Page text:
The deadline for tagged players to sign long-term is a week away and we’ve got a preview of what to watch for, including which players are most likely to sign and which ones are most likely to play on the tag.
Franchise Tag Deadline Preview
That leaves seven more players who have until next Thursday, July 15, to negotiate an extension, otherwise they’ll play out the 2021 season on the tag. The list includes:
- Bears WR Allen Robinson
- Buccaneers WR Chris Godwin
- Jaguars LT Cam Robinson
- Jets S Marcus Maye
- Panthers RT Taylor Moton
- Saints S Marcus Williams
- Washington G Brandon Scherff
A few of these players will become much wealthier in the next week. Others will still be well off on the tag but face a more uncertain future in 2022. Here’s a look at which could be which:
Allen Robinson: Tag
There’s been very little positive momentum between Robinson and the Bears since talks started last year. Chicago wasn’t willing to give Robinson what he was seeking last summer, which presumably would have put him pretty close to the top of the league in terms of average annual salary at his position. After another great season, there’s no reason to think the price has gone down.
The floor for the average on a long-term deal is probably the $18 million Robinson is making on the tag right now. That will go up well above $20 million next offseason if the Bears want to tag him for the second consecutive year. Robinson isn’t getting any cheaper so it seems like it just comes down to whether Chicago wants to fork over the money or take its chances finding a replacement elsewhere.
Given that Robinson has thrived in a place that has the reputation of being where receivers go to die, it seems like this should be an easy decision for the Bears. There’s been little indication they view the situation with the same urgency, however.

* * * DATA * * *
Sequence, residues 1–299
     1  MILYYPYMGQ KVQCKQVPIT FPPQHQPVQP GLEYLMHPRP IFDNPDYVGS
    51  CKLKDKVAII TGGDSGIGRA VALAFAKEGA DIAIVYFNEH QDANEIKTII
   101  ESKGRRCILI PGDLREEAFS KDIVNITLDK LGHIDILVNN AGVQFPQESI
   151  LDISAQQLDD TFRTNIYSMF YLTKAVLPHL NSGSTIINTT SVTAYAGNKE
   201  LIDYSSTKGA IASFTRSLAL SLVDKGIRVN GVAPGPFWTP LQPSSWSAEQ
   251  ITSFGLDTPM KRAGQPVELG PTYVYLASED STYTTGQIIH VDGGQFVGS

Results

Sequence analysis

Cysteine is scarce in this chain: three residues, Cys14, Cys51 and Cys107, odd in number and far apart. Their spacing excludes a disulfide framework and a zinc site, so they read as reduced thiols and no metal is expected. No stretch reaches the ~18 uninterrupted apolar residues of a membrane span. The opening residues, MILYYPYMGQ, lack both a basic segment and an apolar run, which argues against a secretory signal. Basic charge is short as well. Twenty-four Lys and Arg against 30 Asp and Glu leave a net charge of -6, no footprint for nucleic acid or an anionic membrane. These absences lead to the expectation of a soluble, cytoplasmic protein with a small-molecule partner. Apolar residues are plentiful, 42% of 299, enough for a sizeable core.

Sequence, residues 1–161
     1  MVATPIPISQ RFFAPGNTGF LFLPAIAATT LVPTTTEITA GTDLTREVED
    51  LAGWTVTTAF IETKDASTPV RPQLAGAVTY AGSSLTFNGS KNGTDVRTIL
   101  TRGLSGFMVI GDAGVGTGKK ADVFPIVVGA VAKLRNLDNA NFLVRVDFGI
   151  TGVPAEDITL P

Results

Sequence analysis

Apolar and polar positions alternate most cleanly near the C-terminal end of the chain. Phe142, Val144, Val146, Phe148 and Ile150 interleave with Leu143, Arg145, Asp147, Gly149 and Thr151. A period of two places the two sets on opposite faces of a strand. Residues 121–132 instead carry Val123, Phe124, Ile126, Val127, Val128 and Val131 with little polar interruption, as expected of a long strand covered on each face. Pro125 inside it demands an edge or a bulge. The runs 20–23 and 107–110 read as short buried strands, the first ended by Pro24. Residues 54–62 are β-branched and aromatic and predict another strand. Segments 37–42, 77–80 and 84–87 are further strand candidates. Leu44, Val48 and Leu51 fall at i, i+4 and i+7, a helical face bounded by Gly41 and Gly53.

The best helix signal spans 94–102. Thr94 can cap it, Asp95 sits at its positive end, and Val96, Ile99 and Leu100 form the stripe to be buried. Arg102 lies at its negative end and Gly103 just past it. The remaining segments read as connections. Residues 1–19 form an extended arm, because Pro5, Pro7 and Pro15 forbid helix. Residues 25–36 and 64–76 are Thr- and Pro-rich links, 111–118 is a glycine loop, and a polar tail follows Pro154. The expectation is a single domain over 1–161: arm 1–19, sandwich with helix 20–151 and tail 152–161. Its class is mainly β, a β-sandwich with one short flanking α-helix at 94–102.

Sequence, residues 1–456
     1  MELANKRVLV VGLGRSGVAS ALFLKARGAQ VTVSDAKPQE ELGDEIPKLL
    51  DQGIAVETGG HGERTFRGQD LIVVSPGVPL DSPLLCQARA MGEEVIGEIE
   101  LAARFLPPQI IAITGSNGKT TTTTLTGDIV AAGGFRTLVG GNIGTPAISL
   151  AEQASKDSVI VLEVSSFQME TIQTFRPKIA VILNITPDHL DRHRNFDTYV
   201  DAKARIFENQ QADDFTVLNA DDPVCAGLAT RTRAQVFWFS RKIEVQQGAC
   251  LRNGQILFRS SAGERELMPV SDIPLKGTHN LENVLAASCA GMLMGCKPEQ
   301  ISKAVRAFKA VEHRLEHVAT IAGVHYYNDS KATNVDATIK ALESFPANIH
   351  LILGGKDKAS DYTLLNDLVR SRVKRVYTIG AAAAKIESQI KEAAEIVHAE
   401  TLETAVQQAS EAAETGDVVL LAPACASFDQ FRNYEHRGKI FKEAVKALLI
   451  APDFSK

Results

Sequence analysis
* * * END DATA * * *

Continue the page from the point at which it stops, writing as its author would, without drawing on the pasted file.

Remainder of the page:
Chris Godwin: Deal
The tag for Godwin is just a hair under $16 million for the 2021 season and that probably is close to what Godwin is looking at as a borderline No. 1 receiver. That would put him in the same range as Cooper Kupp, Robert Woods, Tyler Lockett and teammate Mike Evans. While the Dolphins are dealing with a situation where there are hard feelings about salary differences between CBs Xavien Howard and Byron Jones, I don’t think Evans and Godwin would have that issue.
There’s plenty of incentive for the Buccaneers to lock up Godwin, as they’ve shown they’re all-in on maximizing their competitive window now. An extension would actually lower his 2021 cap hit and the team has enough flexibility to absorb the deal in 2022 and beyond. It’s not a lock that this gets done by next week but I would be surprised if Godwin was not locked up by the Buccaneers at some point before the start of free agency next year.
Cam Robinson: Tag
The Jaguars provided the surprise of the tag deadline in March when they slapped the tender on Robinson, who hadn’t really distinguished himself through his first four seasons. It would be even more surprising if the Jaguars and Robinson agreed to an extension by next week’s deadline.
Injuries have been a factor but Robinson still has a lot to prove to merit a major extension. Jacksonville didn’t like the look of the tackle market in free agency and decided it was worth paying $13.754 million in 2021 for Robinson as insurance for Trevor Lawrence’s blindside. Jacksonville also spent a second-round pick on Walker Little, so they’ll evaluate both this season to decide if either is the future at left tackle.
Marcus Maye: Tag
The last time the Jets signed one of their draft picks to a meaningful extension was WR Quincy Enunwa, a sixth-round pick in 2014. It goes beyond busted draft picks, as valuable players like Leonard Williams, Robby Anderson and Jamal Adams all departed instead of signing long-term deals. So being able to get a deal done with Maye would have extra symbolism of how things might be beginning to turn around in New York.
It doesn’t appear like the two sides are close to a deal, however. Maye is a good player but a salary that puts him in the top five at his position might be too rich for Jets GM Joe Douglas, who has shown in the past he’ll stand firm on the values he puts on players. Barring some movement toward a compromise, Maye will play out the season on the tag and the two sides will revisit this next offseason.
Taylor Moton: Deal